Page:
I would disagree.....most PTAC's are designed to handle there own condensation, under normal conditions. Weep holes are a last resort. PTHP's have temperature activated valves but that's another story.

  5. #5
    PTACs are disassembled & cleaned annually of semi-annually (by me). They are given a once-over, checked freeze-stat, amp draw, etc. Sealed units, so I have to install refrigerant ports, when needed. Condensate is supposed to hit the condenser fan and be flung (sp?) onto the coils, but it hits the diffuser screen & runs to the pan. Installation was in the '60s. Cooling unit slides into a wall sleeve vented to outside. Outside airflow is across compressor, thru fan & pushed out thru cond. coils. Evap. pan has drip tube that drips into squirrel-cage condenser fan. Still looking for wiring solution & ideas on blown compressors. Thanx for input.

  6. #6
    ascJ: McQuay PKES014. re: wiring--I'll need to verify at work before I clarify. Don't want to bark up wrong tree. Can't remember how Tecumseh runs L1.
    seascott: condensate running over pans & thru weephole. We have lots of humidity. Misapplication of unit design to be sure. We have vacuumed out up to 1 1/2 gallons of condensate from each of these units. Want to replace, but money isn't there. trying to figure out how to channel the condensate to outside. Some of the wall sleeves cant inward toward room space, sending swimming pools onto terrazzo floors. Disaster recipe.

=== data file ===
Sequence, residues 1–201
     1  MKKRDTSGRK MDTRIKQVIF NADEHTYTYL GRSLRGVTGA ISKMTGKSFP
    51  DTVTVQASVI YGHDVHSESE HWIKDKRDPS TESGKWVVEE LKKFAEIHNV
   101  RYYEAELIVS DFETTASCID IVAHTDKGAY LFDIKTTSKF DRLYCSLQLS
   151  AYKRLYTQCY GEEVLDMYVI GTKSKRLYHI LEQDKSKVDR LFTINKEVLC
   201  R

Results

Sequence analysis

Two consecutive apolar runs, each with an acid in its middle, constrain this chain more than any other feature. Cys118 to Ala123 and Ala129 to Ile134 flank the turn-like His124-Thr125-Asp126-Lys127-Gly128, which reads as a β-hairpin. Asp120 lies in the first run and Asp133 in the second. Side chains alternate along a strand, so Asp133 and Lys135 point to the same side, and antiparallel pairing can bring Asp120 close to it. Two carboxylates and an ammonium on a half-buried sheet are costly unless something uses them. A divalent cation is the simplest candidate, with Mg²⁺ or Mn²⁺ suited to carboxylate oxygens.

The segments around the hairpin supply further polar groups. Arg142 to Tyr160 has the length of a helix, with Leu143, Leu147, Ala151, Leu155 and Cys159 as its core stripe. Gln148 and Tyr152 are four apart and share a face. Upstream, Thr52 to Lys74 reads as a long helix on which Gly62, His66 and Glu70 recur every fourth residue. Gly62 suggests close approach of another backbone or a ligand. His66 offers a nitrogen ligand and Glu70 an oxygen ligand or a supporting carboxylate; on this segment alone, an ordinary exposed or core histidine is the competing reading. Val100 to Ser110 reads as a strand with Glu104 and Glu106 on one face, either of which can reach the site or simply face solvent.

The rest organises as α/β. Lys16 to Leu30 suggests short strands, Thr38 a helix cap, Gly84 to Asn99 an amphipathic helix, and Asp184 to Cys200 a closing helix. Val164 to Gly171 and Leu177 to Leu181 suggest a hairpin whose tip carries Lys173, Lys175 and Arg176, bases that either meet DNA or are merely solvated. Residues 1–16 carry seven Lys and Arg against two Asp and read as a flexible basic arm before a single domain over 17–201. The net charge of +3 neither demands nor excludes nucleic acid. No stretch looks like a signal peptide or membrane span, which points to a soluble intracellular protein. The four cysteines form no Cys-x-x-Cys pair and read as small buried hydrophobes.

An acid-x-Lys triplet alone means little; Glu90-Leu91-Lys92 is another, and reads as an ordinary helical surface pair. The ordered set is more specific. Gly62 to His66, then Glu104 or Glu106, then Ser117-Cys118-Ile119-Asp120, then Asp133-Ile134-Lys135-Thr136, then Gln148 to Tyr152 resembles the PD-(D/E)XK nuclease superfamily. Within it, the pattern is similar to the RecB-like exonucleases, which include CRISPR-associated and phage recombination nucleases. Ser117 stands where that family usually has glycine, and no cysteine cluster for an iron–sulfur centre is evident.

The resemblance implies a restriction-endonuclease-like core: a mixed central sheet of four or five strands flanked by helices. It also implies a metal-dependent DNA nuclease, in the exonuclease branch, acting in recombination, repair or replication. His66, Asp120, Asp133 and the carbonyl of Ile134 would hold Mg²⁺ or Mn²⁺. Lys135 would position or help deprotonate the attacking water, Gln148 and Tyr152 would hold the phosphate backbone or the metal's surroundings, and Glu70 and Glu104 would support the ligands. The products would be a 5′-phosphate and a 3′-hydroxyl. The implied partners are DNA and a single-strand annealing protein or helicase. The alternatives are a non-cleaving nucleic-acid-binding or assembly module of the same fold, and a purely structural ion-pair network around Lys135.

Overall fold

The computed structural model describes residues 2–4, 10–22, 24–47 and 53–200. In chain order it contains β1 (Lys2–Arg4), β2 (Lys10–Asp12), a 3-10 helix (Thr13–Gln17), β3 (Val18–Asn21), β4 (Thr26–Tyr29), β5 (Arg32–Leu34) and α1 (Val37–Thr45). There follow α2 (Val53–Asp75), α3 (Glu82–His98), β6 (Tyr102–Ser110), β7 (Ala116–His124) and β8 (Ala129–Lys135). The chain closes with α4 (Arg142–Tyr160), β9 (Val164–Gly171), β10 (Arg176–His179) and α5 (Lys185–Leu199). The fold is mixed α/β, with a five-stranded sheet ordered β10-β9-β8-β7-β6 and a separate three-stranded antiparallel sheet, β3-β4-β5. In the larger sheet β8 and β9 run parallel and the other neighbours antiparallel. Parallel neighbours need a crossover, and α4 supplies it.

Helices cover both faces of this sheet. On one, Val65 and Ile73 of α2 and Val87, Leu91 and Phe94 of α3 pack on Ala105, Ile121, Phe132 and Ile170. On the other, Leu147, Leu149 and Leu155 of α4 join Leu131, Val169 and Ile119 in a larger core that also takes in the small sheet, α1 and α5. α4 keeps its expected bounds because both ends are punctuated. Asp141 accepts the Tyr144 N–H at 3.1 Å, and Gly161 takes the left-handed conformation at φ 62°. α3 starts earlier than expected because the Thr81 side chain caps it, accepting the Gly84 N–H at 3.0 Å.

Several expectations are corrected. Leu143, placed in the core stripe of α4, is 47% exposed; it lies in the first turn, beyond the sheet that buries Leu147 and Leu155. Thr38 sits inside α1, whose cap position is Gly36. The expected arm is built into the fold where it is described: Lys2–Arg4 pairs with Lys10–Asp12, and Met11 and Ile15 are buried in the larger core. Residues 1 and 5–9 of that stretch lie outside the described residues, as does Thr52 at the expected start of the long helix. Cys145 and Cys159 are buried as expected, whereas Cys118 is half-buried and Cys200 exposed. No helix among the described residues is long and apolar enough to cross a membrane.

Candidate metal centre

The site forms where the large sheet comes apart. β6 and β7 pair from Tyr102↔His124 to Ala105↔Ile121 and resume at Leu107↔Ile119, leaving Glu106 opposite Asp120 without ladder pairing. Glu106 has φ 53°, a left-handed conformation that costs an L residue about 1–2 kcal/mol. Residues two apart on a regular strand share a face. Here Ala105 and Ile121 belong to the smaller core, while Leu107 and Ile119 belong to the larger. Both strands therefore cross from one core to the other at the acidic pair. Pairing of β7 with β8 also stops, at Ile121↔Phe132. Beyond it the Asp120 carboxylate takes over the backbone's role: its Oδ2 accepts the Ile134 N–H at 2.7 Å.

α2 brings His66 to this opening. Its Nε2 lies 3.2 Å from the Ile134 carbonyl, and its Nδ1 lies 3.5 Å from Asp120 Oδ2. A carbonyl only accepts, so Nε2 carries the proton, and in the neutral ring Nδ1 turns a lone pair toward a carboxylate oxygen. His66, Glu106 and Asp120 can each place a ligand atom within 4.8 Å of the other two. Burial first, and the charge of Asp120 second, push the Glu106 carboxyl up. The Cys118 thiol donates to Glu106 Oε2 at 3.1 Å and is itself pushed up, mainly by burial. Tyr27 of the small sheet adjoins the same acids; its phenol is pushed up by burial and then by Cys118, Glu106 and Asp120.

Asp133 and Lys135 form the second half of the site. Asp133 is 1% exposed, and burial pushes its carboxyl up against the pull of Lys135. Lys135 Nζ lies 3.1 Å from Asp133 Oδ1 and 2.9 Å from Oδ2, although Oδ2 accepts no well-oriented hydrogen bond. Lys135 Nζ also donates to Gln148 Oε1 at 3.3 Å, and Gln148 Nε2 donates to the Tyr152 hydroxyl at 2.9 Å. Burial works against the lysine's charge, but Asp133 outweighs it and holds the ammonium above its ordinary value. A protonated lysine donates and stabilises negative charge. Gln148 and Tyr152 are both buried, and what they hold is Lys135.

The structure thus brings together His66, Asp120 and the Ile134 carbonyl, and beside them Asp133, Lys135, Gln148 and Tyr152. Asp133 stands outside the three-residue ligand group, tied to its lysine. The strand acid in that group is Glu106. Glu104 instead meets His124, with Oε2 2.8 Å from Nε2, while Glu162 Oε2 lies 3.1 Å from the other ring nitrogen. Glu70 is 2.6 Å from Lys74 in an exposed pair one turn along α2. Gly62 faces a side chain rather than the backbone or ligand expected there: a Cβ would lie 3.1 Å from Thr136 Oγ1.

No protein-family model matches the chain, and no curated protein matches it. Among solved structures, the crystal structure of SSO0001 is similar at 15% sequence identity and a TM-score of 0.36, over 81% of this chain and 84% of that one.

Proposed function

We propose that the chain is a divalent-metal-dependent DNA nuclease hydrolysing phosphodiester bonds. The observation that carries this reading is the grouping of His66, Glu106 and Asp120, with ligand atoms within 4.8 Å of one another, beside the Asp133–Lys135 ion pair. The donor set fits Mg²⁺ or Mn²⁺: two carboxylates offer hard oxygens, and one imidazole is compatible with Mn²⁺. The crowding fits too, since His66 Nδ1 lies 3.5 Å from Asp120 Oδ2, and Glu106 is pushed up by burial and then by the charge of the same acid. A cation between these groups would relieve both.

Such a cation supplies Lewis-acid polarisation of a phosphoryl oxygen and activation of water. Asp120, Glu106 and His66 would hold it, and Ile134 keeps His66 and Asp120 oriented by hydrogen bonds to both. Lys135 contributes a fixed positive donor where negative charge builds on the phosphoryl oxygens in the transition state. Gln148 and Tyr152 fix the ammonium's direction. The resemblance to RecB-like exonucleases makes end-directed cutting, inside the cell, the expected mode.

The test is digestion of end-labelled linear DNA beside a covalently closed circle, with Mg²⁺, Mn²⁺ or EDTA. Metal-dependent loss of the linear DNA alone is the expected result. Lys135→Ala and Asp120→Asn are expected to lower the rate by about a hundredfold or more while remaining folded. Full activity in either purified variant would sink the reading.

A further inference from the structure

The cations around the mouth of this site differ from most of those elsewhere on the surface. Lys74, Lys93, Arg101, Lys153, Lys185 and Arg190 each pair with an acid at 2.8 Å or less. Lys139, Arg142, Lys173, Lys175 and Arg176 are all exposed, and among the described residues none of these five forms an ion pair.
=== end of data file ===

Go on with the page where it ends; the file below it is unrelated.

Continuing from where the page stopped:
7. #7

    Condensate problems with McQuay Ptacs

    Not sure if you got your problems solved, but a couple of issues can cause condensate leaking back into the room. Slope of the unit is one issue. Due to building settling, etc. the wall sleeve can shift. There should be about 1/4" slope from inside to outside to ensure water flow to the back of the unit. Another problem specific to the McQuay K unit is the drain tube that runs from the evaporator drain pan to the back of the unit being too short. If it's too short, it will leak out the front of the unit.

    Regarding the compressor failure, the K units are pretty heavy duty with a low failure rate. I work for a McQuay Distributor and have been selling these for over 20 years. Air flow restrictions/lack of maintenance will kill the compressor quickly. If that's not an issue you could check your voltage for highs/lows. Rotary compressors are not as tolerant to voltage fluctuations as the old recips. If you are still having problems, message me here and I'll see what I can do.

    Peace,

    Greg McNary
    Air Distributors Company, Inc.

  8. #8

    PTAC condensate issues

    McNary:
    Sorry it's been a long time in reply. Had to go out-of-state for awhile. I am currently working with McQuay on the compressor issue. It's beginning to point to inadequate airflow thru the front louvres. The original wall sleeves were built for the old Remington units whose condenser efficiency was not as great as the McQuay replacements. I can list the exact dimensions, but for brevity, we have about 59% of the louvre space for airflow. McQuay needs 70% or more. Inadequate airflow = cooked compressors. Regardless, I replace more than 1/4 of my compressors during a cooling season (Mar-Nov).
    I already addressed the drain issue with a 4" piece of 1/2" copper. Works like a charm. The building these were installed in was constructed in 1963. Lots of settling and some rather careless installations. Lots of condensate is running backwards. Experimenting with cotton rope wicks. A little cumbersome & marginal success at best.

    Thoughts?

  9. #9

    PTAC Condensate/Airflow issues